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Red tape could delay parole for days, even weeks, but Brenda Martin happy

TORONTO - Red tape could keep a woman returned to Canada after a two-year prison ordeal in Mexico behind bars for several more days and possibly weeks, close friends said Saturday.


TORONTO - Red tape could keep a woman returned to Canada after a two-year prison ordeal in Mexico behind bars for several more days and possibly weeks, close friends said Saturday.

Former Liberal MP and friend Paul Macklin said there's a "heavy amount of paperwork" to be done before Brenda Martin can leave the Grand Valley Institution for Women in Kitchener, Ont., and head to her hometown of Trenton, Ont., to stay with her mother.

"No one knows what to expect at this point in terms of resolution - it isn't imminent but it will be soon," Macklin said.

"It's hard to really get a finger on it."

Among reports that need to be done is whether Martin poses a risk to society and whether the community in Trenton is prepared to receive her. The information then needs to be reviewed by the National Parole Board before her release can be finalized.

Amid intense pressure on the federal government, Martin, 51, was returned to Canada on Thursday following a conviction two weeks ago in Mexico on fraud-related offences for a scam run by her ex-boss, former Edmontonian Alyn Waage.

Martin steadfastly maintained her innocence during the more than two years she spent in prison near Guadalajara awaiting judgment. The Mexican court sentenced her to five years in prison and fined her about $3,500.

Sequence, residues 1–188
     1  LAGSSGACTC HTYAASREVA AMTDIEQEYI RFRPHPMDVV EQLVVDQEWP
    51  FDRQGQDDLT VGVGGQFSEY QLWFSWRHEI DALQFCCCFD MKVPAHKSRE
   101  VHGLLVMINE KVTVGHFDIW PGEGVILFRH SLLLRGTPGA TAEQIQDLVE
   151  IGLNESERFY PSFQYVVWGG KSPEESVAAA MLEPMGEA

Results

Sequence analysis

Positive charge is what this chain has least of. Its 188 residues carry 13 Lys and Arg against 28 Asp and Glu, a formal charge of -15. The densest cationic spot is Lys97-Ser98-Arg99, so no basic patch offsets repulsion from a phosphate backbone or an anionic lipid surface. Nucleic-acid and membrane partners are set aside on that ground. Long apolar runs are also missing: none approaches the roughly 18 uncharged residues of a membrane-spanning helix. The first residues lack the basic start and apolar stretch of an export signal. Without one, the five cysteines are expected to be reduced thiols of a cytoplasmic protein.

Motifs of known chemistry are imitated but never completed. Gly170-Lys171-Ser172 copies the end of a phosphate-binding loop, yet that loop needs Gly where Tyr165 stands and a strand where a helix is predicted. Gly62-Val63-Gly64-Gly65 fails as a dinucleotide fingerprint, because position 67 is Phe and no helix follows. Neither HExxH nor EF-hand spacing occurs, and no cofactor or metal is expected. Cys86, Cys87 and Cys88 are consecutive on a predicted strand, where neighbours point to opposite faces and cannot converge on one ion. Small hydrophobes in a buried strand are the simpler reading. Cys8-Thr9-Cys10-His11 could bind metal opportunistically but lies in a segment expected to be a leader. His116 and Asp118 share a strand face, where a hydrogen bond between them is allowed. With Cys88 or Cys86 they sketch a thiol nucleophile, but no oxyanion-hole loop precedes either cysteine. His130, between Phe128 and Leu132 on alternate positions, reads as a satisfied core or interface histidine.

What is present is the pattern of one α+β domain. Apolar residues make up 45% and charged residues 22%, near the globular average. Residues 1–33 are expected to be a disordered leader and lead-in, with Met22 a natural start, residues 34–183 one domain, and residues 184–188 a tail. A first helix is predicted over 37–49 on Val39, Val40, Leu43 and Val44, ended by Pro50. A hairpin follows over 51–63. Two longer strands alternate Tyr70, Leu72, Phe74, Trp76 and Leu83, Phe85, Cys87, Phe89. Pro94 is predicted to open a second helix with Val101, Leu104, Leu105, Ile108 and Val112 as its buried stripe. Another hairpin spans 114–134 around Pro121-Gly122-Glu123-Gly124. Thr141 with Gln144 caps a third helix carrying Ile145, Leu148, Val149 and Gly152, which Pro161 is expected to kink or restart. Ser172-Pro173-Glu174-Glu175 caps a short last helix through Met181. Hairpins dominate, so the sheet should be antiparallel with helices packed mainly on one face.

Correctional authorities in Canada still need to define the equivalency of her sentence, but have said that as a first-time, non-violent offender, she was eligible for immediate parole.

Deb Tieleman, a close friend who agitated strongly for the Canadian government to intervene in the case, said Martin is content with her situation for now.

"Her big concern was getting back to Canada and she's happy to be here," Tieleman said Saturday from Waterloo, Ont.

"She doesn't seem concerned about (parole) at all. She's just happy to be home."

Martin's mother Marjorie Bletcher and stepfather Bill Carnahan visited her for two hours in prison on Friday evening and again on Saturday.

An "ecstatic" Bletcher said her daughter was feeling the cold and having trouble sleeping, but was thrilled to be back in Canada and there was no rush to get her out.

"I'm not really worried about her being there because they're looking after her," said Bletcher, who was greeted by her daughter with a big hug and an apology for the distress she'd caused her mom.

"She needs that time to get rest. It's been a very hard time for Brenda."

On Friday, lawyer Edward Greenspan said there was no reason to keep Martin behind bars and he called for her immediate release.

Macklin said it's not quite that simple and that everyone was being "cautious" about the timing of the release despite Greenspan's comments.

"You can count on at least two days of reports that have to be prepared by the officials," Macklin said.

"All the reports collected have to go to Ottawa to be reviewed by the parole board, but it will be a paper review because of the accelerated status."

Martin's plight garnered widespread public attention, pressuring the Canadian government to take up her case with Mexican officials. Ottawa eventually dispatched Conservative MPs Jason Kenney and Rick Norlock to Mexico.

 
 
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